Secular stagnation must not be accepted
We are constantly receiving alarming news on the state of the global economy. Insufficient growth, first in the industrialised world, and now in the emerging markets, writes Prince Michael of Liechtenstein.
Free markets brought unprecedented growth to world economies, especially since the 1980s. Living standards increased, and hundreds of millions of people globally were freed from poverty. In this context we have to acknowledge that free markets are based on a functioning market economy. It must not be confused with turbo capitalism based on a crony system such as has developed in Russia.
Unfortunately, this growth was followed by expansion of the public sector and a welter of regulations. Centralised economic planning began again to replace entrepreneurial spirit. Economic freedom was curbed and public spending soared. Curbing economic freedom reduced the entrepreneurial dynamic. The first remedy, to hide the decreasing dynamic, was to flood the economy with easy money.
The priests of planned economies do not allow criticism of their systems. It is considered heresy to have less state and less centralised control and planning to unleash the economy.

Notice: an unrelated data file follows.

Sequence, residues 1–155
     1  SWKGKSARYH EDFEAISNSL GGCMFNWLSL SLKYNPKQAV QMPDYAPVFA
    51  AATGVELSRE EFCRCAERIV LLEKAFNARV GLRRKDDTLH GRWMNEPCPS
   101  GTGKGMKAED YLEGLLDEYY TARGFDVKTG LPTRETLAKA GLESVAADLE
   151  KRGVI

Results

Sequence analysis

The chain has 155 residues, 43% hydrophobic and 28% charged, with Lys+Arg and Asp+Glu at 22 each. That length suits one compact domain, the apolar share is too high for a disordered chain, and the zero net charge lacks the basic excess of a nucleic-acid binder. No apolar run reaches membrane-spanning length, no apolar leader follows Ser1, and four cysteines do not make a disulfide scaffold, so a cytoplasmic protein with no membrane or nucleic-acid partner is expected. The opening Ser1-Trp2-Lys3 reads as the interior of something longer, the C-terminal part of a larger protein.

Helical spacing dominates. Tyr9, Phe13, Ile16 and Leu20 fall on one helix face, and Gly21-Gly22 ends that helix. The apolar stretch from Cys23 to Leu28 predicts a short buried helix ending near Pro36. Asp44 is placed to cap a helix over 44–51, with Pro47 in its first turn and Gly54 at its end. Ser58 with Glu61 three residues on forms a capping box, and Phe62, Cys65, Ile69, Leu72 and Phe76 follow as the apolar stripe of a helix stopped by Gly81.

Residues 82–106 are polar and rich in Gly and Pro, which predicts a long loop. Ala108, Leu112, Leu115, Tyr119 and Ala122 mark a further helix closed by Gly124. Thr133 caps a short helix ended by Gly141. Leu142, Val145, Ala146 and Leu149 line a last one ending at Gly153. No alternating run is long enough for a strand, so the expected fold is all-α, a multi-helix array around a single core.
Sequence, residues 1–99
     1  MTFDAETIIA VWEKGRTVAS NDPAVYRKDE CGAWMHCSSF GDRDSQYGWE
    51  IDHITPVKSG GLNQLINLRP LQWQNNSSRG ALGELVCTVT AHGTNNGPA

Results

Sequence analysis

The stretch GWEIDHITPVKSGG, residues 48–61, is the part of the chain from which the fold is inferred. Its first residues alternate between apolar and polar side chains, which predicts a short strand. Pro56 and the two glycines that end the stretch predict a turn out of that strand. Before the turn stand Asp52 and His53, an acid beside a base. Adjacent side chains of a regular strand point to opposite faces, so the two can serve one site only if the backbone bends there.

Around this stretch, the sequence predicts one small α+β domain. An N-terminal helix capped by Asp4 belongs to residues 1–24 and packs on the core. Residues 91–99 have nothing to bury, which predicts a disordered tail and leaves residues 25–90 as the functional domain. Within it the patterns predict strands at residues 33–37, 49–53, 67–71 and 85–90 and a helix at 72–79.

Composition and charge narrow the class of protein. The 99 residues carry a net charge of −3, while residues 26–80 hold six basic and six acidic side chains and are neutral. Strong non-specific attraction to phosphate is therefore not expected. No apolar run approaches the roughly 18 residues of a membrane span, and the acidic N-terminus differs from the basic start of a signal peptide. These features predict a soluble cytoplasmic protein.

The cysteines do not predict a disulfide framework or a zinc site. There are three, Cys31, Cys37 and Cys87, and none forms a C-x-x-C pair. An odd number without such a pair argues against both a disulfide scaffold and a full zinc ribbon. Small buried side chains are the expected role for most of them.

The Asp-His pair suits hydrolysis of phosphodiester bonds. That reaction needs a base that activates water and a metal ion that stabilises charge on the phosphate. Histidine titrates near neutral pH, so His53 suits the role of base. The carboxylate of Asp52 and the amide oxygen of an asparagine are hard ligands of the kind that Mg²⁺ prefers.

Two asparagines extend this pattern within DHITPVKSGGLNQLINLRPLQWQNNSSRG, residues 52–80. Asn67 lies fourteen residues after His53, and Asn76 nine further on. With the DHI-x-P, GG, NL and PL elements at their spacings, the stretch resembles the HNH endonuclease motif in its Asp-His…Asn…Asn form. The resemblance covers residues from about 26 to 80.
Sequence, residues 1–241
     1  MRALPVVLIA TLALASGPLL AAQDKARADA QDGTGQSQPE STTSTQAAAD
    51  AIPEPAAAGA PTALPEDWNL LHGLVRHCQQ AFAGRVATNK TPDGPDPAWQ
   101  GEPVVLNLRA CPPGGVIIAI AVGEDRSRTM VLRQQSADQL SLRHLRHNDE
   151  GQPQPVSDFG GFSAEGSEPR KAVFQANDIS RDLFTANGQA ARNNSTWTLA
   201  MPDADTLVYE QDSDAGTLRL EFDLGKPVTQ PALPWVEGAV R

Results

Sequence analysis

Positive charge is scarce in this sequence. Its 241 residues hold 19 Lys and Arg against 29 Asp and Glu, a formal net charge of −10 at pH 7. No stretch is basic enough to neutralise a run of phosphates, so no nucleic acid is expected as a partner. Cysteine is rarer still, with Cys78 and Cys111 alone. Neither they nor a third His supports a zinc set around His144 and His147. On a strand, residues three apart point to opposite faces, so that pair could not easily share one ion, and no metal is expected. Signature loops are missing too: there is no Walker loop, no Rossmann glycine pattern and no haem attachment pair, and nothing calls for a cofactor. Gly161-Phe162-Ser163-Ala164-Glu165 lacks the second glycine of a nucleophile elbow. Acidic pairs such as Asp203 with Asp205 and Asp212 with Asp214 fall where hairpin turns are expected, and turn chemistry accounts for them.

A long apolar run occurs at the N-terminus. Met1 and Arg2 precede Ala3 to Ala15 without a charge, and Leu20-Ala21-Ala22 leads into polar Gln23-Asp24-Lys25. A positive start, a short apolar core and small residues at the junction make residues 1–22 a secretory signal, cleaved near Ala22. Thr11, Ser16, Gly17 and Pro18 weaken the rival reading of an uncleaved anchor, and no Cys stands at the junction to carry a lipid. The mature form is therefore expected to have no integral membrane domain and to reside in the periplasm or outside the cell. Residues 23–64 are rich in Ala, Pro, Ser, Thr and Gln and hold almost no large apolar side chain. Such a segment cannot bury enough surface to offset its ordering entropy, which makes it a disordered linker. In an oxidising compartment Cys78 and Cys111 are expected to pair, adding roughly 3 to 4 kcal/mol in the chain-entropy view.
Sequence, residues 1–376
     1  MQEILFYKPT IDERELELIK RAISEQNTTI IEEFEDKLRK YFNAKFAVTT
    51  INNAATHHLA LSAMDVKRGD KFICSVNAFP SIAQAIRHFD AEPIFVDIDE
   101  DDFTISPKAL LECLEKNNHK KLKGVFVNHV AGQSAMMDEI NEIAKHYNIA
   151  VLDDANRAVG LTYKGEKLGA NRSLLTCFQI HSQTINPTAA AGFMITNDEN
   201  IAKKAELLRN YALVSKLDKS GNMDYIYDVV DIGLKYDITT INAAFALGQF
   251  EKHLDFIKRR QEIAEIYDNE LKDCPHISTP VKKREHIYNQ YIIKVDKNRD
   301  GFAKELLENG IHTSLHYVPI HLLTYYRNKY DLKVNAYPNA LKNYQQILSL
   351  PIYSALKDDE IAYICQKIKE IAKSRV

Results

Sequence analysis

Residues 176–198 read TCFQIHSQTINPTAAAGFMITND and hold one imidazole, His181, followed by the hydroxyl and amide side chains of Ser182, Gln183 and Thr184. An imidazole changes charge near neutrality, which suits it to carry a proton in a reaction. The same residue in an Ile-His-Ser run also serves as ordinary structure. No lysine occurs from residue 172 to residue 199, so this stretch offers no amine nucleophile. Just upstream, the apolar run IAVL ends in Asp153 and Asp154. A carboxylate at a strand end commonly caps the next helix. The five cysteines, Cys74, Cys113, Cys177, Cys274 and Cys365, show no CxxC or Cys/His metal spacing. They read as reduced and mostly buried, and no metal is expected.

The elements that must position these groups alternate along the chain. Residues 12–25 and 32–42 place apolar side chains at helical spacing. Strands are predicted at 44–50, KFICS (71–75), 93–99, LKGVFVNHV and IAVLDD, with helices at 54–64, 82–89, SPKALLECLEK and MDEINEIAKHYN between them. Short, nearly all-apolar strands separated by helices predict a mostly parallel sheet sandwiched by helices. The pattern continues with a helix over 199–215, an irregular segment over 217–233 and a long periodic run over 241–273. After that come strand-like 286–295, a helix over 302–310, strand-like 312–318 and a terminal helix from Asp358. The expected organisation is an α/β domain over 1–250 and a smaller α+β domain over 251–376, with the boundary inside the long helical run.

But some reason for the decline in the economy had to be found. The magic words to emerge are ‘secular stagnation’. This is a fate which has to be accepted - something which happens and about which nothing can be done.
According to the Financial Times secular stagnation is a condition reflecting negligible or no economic growth in a market economy. It refers to long-term stagnation caused by fundamental changes as opposed to cyclical stagnation which is short term.
This serves as a pretext or excuse to continue hobbling free markets and maintain central planning, government intervention and close to ideological economic theories as undisputed policies.
This ordered fatalism is toxic. Responsible politics should look at the real and underlying cause of our crisis. This is insufficient productivity overall in our economies. Innovation and competition are the very essence of the process.
The economy needs regulations and frameworks. But the regulations have become overbearing and inefficient. The result is that controlling sectors have expanded hugely and are now oversized. They are reducing overall productivity. The public sector is also growing constantly and is not productive in all areas.
Reducing the regulatory jungle, re-establishing a sounder relationship between the public and private sectors and allowing entrepreneurial freedom to flourish again could free us from the apathy of accepting ‘secular stagnation’.
This could create a new innovative climate.